Monday, November 3, 2008
Candlesticks in the Red Room of the White House
Last post I placed the candlesticks in the Red Room in the White House. In continuance of this, I placed the Red Room in the White House. Hypothetically speaking, Henry Francis Du Pont of the Winterthur Museum, who helped Jackie Kennedy during her extensive historical renovation, is placing the candlesticks in the Red Room. The following excerpt is a hypothetical example from Du Pont's notes on the remodel.
Jackie Kennedy hired me to help her refurbish the White House interior. In keeping with the older Classical architecture on the exterior, the rooms all have antique artifacts. These artifacts are harder to find than one might suspect. Because they are going into such an important building for the American people, everything must be in a well kept condition and also be historically relevant. I have enjoyed the research that this project has required. I spent a long time looking for artifacts today. Currently we are on the Red Room redecoration phase of the remodel for the White House. It has been a long process and many hours have been put into choosing just the right time period for each room.In addition to the Red Room, there is also a Blue Room and a Green Room. American Empire is the style for the Red Room, Empire Style for the Green Room and French Empire for the Blue Room. For the Red Room, I found a French mantle clock and an empire fire screen yesterday. Today I found a pair of candlesticks that were originally in the Nichols House Family Museum. I had to a little bit of trouble contacting the man in charge of the Nichol's archive of objects, but after a few more tries, everything went smoothly. After searching through the numerous artifacts that the House Museum has, I saw the candlesticks. They make a perfect addition. This room will blend in perfectly with the rest of the restoration and I am very proud of my work.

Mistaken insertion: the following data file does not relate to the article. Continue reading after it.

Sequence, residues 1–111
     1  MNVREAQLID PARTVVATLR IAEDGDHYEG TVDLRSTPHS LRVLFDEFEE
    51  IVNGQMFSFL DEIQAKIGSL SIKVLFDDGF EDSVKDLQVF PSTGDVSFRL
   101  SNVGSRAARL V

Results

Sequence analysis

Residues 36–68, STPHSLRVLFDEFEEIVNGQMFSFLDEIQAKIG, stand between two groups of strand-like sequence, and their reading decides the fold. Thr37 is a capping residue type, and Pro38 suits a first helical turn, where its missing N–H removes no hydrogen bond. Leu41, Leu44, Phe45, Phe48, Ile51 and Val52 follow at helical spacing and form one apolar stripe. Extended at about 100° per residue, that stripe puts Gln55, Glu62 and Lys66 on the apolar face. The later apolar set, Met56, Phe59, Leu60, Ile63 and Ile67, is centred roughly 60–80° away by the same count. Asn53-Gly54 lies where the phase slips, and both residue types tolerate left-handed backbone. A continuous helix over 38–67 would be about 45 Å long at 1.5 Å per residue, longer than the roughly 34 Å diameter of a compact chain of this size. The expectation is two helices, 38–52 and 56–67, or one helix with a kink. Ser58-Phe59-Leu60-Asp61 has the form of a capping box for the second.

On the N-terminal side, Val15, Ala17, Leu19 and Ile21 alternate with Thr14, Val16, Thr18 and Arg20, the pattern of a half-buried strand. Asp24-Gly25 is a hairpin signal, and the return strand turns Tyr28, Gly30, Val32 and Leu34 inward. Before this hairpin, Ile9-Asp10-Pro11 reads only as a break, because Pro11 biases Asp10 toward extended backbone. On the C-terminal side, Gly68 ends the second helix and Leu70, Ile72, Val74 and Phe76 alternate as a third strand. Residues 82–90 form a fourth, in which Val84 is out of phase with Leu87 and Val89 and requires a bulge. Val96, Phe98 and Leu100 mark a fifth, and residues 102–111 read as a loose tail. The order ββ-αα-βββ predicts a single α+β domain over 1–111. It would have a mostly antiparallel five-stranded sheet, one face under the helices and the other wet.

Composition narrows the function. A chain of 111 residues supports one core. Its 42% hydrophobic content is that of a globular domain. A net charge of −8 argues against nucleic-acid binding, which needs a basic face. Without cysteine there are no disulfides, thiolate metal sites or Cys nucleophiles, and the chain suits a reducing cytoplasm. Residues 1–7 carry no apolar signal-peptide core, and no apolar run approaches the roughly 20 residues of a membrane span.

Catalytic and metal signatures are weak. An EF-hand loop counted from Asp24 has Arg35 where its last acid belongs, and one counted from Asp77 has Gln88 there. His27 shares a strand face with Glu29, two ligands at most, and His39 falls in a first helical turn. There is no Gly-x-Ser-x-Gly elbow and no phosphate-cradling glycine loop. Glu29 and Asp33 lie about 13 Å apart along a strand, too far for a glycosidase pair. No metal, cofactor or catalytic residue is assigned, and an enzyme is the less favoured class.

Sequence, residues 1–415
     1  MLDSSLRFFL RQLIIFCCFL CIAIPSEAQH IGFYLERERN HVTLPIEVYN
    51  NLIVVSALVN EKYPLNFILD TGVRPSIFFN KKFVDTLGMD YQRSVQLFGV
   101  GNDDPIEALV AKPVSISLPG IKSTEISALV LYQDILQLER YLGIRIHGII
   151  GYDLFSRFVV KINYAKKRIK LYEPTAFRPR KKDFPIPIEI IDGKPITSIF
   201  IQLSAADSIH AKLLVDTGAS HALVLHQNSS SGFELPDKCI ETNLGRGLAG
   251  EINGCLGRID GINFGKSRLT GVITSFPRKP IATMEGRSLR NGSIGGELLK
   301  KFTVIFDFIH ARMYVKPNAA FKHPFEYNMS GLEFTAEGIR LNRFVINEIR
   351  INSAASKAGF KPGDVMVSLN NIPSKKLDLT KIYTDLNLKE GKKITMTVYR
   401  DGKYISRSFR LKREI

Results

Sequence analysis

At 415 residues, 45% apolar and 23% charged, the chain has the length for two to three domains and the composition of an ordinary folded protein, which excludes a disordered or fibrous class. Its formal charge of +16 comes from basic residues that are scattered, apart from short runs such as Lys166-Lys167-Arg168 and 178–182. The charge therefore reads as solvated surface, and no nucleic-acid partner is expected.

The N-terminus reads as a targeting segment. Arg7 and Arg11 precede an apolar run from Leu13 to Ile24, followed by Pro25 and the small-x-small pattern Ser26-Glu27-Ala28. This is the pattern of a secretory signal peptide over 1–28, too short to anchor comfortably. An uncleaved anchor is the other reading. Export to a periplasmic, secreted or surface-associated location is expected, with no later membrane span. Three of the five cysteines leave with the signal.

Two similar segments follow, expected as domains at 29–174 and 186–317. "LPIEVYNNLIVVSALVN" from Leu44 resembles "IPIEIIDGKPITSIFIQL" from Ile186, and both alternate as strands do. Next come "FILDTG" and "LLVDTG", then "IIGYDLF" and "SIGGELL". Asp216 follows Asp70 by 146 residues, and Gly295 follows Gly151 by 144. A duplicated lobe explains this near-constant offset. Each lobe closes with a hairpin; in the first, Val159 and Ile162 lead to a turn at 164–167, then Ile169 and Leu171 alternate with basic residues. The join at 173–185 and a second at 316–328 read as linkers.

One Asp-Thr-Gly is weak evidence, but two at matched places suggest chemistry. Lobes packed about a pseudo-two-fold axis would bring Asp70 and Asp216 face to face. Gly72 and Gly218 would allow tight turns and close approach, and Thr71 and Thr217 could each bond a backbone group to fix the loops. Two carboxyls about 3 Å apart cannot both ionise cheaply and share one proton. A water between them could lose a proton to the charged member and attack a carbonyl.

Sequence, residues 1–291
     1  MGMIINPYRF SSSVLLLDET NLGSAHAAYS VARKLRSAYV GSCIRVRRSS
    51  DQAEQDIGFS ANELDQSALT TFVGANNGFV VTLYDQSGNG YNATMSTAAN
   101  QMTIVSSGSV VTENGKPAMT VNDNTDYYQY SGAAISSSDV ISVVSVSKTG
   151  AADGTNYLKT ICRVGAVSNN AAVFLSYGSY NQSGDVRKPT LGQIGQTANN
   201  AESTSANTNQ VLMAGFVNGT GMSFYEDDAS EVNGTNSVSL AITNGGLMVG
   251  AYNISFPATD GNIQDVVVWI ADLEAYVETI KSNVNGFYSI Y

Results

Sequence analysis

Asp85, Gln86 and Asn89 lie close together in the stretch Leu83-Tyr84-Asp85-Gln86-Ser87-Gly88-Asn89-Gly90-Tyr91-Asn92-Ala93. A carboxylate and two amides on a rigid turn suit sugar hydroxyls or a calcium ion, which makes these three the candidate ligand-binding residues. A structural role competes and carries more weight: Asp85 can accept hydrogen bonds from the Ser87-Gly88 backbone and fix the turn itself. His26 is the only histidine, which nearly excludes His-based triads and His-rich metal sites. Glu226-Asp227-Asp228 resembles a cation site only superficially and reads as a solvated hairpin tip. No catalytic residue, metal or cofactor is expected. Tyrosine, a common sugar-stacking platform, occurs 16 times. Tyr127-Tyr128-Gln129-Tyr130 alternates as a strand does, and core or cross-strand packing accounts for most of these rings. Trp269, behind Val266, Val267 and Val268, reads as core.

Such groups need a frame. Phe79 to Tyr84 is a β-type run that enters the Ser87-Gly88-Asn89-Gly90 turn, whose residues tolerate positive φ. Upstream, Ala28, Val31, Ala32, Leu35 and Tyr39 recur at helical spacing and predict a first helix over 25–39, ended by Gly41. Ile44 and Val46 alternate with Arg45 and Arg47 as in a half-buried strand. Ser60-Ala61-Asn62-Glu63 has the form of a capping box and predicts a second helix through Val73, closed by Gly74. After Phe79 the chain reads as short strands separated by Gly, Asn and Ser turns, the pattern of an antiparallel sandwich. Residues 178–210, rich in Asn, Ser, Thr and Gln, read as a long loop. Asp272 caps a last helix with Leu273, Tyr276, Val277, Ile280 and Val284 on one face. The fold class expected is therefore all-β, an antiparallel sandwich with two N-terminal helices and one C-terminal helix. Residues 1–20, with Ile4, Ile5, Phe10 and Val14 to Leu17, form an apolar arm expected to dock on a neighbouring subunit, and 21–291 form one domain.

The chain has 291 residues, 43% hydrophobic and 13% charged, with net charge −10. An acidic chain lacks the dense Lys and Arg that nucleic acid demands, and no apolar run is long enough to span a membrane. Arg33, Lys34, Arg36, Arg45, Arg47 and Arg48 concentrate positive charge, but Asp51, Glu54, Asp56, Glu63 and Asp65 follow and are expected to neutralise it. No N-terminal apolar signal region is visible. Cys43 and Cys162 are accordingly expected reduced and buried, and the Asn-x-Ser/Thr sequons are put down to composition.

The White House and it's decor is similar to the West Wing from the National Gallery of Art. Both are built in a Classical style. (Both also house works of art, although one is entirely devoted to this and one is not). However the exterior of the East Wing is very different from the White House. The National Gallery of Art has a very modern exterior with sharp angles and is very sculptural in it's design. The purposes for the buildings are, of course, very different as well. The White House is for living and working and is only meant for select people, while the National Gallery is meant for many people to trample through and does not need to be as closed off as the White House but is free to be more open. The architecture of the National Gallery is able to be so sculptural because it is an art space whereas the White House's architecture has to be much more formal because of its formal purpose.
The Metropolitan Museum of Art is similar to the White House in that they both have columns that hearken to a classical past. Similarly both have fairly complex architraves that add to the formality of the buildings. Also, the front facade of both buildings clearly delineate the entrance of the buildings. Both buildings also have a certain amount of clout in association with their uses.